3. You’ll be forced to make whatever changes the dietitian recommends. Nope! You will be the one in the driver’s seat navigating the healing journey. Think of your nutrition therapist as a guide. We’ll walk alongside you on your journey, and provide suggestions along the way for different routes we can take to reach your desired destination. You get to choose the route taken! Your dietitian may make a suggestion or ask if you’d like to try something, but any move you make will be your decision. 

How do I get started with disordered eating counselling?

If you are in Ontario and interested in counselling, read more about my approach, or book a free call to chat about whether we would be a good fit. We’d love to hear from you! 

If you’re outside of Ontario, you can try an online search for “eating disorder dietitian [your location]” to find a provider in your area, or see if there is a link below that can provide some helpful information to get you started.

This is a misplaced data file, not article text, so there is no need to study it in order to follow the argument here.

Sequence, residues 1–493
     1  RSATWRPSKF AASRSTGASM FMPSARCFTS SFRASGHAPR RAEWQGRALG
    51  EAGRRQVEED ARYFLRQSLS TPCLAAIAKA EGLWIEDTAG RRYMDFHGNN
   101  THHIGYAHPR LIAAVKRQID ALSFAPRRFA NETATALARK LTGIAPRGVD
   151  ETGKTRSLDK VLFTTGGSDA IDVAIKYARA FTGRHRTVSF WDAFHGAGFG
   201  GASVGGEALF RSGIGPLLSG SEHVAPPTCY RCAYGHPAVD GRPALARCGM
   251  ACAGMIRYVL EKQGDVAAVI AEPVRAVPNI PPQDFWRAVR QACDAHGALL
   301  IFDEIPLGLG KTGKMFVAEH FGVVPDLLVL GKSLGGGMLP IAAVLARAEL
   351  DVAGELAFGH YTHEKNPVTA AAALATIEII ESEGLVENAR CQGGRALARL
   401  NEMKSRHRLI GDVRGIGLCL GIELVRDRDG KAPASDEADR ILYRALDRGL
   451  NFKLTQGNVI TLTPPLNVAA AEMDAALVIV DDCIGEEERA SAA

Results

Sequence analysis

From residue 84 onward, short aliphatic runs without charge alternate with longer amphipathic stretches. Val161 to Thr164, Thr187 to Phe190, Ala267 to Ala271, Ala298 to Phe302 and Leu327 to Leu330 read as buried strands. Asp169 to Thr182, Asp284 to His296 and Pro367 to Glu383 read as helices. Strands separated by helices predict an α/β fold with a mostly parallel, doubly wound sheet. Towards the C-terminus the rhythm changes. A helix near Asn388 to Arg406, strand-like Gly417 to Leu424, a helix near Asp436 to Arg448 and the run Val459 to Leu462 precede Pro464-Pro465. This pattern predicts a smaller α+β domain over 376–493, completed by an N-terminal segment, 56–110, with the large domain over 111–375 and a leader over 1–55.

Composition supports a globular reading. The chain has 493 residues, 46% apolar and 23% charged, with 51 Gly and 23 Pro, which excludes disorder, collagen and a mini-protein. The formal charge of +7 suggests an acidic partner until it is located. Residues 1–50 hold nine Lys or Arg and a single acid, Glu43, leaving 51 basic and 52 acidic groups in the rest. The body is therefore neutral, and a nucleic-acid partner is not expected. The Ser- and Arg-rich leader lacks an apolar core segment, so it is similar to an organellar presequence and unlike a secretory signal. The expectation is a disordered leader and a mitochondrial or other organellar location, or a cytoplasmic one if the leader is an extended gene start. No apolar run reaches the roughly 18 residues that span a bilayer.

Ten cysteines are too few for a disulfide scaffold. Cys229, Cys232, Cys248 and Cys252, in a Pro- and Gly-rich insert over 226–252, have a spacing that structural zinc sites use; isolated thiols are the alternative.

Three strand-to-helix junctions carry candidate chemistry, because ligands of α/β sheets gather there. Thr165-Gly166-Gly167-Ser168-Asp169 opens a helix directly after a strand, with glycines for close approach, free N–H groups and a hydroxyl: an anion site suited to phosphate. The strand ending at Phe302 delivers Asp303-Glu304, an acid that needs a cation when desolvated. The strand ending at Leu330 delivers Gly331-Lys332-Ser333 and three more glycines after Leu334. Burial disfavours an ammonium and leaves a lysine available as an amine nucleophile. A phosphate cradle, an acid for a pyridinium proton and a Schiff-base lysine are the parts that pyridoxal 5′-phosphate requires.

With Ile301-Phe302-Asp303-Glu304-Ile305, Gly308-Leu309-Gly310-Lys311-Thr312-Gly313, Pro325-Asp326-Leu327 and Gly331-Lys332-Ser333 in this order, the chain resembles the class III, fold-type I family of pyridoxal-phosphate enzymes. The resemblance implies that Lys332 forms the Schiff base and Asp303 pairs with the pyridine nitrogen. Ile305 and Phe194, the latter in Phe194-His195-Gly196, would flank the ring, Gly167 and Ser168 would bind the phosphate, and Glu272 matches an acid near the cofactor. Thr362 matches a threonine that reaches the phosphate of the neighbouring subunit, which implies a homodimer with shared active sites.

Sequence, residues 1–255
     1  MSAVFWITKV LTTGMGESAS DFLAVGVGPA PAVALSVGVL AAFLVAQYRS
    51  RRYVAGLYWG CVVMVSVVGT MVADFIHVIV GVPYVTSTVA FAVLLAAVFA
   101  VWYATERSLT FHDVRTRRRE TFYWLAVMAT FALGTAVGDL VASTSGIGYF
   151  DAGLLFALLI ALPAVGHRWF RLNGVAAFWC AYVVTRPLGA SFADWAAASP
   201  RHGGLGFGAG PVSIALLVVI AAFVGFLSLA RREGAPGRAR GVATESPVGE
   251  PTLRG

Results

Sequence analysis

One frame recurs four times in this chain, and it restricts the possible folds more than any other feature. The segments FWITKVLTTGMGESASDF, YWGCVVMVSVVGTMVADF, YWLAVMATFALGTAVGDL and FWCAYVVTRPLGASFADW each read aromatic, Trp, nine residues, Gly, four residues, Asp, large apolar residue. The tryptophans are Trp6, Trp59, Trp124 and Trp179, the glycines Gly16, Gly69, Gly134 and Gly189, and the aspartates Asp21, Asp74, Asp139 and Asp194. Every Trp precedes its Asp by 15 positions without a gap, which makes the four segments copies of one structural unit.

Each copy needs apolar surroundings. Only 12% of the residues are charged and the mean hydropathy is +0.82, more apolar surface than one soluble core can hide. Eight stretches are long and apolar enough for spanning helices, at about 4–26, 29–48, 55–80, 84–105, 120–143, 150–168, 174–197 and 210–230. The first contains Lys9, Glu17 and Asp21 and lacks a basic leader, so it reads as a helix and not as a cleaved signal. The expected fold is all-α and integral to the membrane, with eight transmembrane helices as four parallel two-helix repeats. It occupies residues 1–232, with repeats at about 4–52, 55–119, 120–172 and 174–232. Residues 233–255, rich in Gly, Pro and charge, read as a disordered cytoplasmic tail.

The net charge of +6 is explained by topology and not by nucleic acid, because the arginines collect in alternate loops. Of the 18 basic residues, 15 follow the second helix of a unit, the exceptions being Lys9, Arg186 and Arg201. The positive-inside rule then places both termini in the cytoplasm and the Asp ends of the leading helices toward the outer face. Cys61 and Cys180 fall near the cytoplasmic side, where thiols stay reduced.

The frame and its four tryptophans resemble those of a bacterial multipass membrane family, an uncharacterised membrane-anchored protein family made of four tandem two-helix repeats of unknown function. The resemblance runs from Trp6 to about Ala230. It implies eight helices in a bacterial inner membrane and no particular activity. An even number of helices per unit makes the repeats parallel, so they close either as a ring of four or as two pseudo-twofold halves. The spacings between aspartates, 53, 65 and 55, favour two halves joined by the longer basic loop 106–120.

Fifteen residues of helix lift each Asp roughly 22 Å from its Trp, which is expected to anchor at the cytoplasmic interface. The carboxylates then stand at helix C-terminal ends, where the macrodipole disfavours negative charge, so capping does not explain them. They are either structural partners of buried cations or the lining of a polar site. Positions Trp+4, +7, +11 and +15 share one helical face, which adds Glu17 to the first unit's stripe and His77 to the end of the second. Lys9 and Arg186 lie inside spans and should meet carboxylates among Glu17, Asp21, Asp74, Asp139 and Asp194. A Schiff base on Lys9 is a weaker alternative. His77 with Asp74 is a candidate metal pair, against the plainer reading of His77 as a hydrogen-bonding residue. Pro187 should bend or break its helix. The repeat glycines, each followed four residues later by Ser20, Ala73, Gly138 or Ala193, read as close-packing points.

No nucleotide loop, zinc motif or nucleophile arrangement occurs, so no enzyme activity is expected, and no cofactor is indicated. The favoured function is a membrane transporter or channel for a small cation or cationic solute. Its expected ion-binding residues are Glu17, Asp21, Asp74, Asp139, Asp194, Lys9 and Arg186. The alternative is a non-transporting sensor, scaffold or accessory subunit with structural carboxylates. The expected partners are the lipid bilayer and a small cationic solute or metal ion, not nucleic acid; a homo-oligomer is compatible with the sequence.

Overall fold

NEDIC – Directory of ED treatment providers based in Canada

National Initiative for Eating Disorders – Provider of educational, informational, and support resources for caregivers and individuals with Eating Disorders in Canada, including caregiver webinar hub, crisis readiness tool, and disability tax credit support.

FEAST – An international non-profit organization of and for parents, caregivers, and family of loved ones affected by eating disorders. They offer a 30 day educational email series, webinars, and online peer support forums among other resources and tools.

Body Brave – Provider of virtual and free-of-charge (or covered by OHIP) eating disorder recovery services to Canadian aged 14+. No formal eating disorder diagnosis or referral is required.

Sheena’s Place – Provider of virtual and in-person (Toronto) eating disorder support groups for Ontarian’s aged 17+. No formal eating disorder diagnosis or referral is required.

Hopewell Eating Disorders Support Centre – Provider of support groups, art therapy programs, and seasonal programming intended to compliment formal treatment to residents of Eastern Ontario affected by eating disorders and disordered eating aged 17+.

Intuitive Eating Counsellor Directory – Find a Certified Intuitive Eating Counsellor near you.

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from Guilt and Obsession
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of our getting started guide!